Re: [Histonet] fixing rat tibia

From:Gayle Callis

70% alcohol fixation to preserve the tetracycline - bones can sit in this 
for several days, and I would opt for longer time due to bone 
density.  People also use alcoholic formalin which does not remove the 
fluorescent label.  After fixation is complete, you should transfer bones 
from this fixative into 70% fixative.  The alcoholic formalin improves 
morphology for other staining from the same block.  If you use this, 
Anatech has a superb commercial formulation, and to test how long it takes 
to fix bone, work with several tibias  (unlabeled) and open one sample 
every day for 1,2,3,etc days.  If the bone is still bloody inside, then you 
need to fix longer, it should appear grayish, as formalin fixed tissues 
would appear when well fixed.

You should not have to bisect the rat tibia. That is difficult to do and to 
avoid shattering bone, you could purchase a little hobby saw, like a Dremel 
rotating tool/hand saw, but you need to find one that has a tiny little saw 
blade for cutting.    Unfortunately, the small  saw blade for Dremel was 
discontinued, probably for safety reasons, but look for a similar blade at 
a hobby shop or a similar handtool setup.  You may find a blade that fits 
the Dremel tool.

Surprisingly, hobby shops for woodworking, etc often have minitools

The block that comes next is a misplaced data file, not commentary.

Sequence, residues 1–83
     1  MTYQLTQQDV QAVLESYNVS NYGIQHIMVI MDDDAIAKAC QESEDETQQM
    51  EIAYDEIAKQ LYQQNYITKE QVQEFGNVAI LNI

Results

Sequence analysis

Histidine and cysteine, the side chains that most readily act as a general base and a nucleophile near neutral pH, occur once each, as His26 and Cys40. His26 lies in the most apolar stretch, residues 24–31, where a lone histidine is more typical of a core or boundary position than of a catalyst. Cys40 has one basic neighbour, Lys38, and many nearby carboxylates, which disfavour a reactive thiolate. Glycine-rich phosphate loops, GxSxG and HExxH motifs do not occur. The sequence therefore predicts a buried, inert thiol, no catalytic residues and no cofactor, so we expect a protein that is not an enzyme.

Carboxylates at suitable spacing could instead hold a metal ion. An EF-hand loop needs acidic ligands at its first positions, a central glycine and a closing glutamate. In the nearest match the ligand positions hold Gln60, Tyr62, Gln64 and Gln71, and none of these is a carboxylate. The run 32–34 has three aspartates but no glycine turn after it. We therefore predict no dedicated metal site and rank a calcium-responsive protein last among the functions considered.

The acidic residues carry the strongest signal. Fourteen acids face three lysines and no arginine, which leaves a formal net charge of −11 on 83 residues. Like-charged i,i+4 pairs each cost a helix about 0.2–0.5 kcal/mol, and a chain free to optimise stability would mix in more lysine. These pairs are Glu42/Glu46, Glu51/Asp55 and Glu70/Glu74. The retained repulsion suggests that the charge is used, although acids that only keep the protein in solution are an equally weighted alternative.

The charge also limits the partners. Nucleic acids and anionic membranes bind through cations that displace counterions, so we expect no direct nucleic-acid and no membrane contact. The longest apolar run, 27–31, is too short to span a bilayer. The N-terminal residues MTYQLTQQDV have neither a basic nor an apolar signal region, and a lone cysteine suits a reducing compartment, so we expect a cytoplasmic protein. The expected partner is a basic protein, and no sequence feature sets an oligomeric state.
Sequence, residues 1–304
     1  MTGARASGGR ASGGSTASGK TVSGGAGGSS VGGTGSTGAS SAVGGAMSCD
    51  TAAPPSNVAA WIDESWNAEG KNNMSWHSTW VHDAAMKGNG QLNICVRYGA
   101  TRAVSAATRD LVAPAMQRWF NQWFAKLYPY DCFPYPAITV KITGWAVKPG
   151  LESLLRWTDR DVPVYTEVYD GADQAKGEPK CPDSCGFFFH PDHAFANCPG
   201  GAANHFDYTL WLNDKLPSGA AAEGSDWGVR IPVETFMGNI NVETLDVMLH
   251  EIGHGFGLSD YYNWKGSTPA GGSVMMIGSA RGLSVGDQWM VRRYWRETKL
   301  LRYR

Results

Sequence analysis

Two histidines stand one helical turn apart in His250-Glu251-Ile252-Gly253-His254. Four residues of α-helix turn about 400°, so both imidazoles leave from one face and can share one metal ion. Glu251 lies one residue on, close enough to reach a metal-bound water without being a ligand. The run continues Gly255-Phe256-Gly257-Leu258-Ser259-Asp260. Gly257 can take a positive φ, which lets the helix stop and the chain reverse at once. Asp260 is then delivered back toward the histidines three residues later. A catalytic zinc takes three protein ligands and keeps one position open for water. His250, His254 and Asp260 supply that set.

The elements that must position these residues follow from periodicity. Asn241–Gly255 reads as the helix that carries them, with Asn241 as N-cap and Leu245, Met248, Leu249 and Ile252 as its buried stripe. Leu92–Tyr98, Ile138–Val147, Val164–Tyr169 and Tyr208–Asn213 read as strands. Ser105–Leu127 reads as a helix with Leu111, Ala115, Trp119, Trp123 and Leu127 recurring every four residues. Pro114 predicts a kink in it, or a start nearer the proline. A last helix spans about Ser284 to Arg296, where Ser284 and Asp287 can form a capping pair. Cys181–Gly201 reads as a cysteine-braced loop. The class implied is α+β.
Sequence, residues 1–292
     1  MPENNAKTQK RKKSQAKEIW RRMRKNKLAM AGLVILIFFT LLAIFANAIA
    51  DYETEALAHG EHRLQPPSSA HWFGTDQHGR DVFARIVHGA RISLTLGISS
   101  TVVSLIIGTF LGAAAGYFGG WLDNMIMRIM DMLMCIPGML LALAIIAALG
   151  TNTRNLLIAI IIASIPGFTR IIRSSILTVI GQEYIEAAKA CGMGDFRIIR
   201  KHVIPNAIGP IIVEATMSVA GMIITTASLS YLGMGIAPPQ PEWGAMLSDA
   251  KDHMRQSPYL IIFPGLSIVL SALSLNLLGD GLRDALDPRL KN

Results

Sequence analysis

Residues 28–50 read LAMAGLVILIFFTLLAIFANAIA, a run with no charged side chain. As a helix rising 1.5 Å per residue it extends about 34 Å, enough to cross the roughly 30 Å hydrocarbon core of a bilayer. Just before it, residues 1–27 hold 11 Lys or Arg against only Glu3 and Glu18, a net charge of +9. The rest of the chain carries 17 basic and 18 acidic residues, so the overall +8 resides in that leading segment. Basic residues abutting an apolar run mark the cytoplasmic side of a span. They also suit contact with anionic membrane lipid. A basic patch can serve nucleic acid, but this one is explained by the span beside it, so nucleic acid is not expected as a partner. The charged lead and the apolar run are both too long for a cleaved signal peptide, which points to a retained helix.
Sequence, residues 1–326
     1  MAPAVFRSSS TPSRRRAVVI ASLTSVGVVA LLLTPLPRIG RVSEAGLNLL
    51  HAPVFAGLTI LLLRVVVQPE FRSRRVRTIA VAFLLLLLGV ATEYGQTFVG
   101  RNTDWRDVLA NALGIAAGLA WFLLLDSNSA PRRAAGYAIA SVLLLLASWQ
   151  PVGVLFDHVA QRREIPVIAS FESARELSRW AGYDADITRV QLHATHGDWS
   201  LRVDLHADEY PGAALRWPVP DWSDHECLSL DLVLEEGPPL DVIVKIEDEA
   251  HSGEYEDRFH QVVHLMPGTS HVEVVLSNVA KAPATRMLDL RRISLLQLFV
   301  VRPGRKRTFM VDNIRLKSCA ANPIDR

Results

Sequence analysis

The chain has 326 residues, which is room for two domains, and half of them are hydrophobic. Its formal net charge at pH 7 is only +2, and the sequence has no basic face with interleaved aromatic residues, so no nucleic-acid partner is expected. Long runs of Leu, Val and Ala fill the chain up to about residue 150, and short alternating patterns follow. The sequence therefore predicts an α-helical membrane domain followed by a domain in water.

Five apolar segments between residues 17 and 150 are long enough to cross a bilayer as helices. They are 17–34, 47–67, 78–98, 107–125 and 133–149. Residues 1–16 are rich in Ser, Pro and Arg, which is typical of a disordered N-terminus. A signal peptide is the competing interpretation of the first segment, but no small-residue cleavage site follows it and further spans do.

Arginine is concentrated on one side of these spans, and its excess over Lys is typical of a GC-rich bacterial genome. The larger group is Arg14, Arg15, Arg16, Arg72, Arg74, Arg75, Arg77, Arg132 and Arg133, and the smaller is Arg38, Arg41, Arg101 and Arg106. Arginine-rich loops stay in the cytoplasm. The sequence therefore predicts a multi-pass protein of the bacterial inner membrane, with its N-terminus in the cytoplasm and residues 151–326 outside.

suitable for bone work, just wear eye safety wear, things tend to fly 
around and spray blood and bone dust, very messy.

Good luck

  At 06:14 AM 4/26/2006, you wrote:
>    Could anyone advise me regarding the time required to fix a rat
>tibia. Can it be fixed whole or is it best to slice in half longitudinally.
>Also is 70% ethanol appropriate as a fixative for bones that have
>been labelled with Oxytetracycline. Another dilema I have is that I
>dont have access to a specialist tools, should I need to bisect the
>tibia in half. What tools could be used to cut the tibia in half
>longitudinally without cracking the bone. I am new to all this so any
>any help / suggestions will be appreciated. Thanks
>                              Ash
>M13 9PT
>TEL:+44 (0)161 275 5177
>FAX:+44 (0)161 275 5958
>Histonet mailing list

Gayle Callis
Research Histopathology Supervisor
Veterinary Molecular Biology
Montana State University - Bozeman
PO Box 173610
Bozeman MT 59717-3610
406 994-6367
406 994-4303 (FAX)

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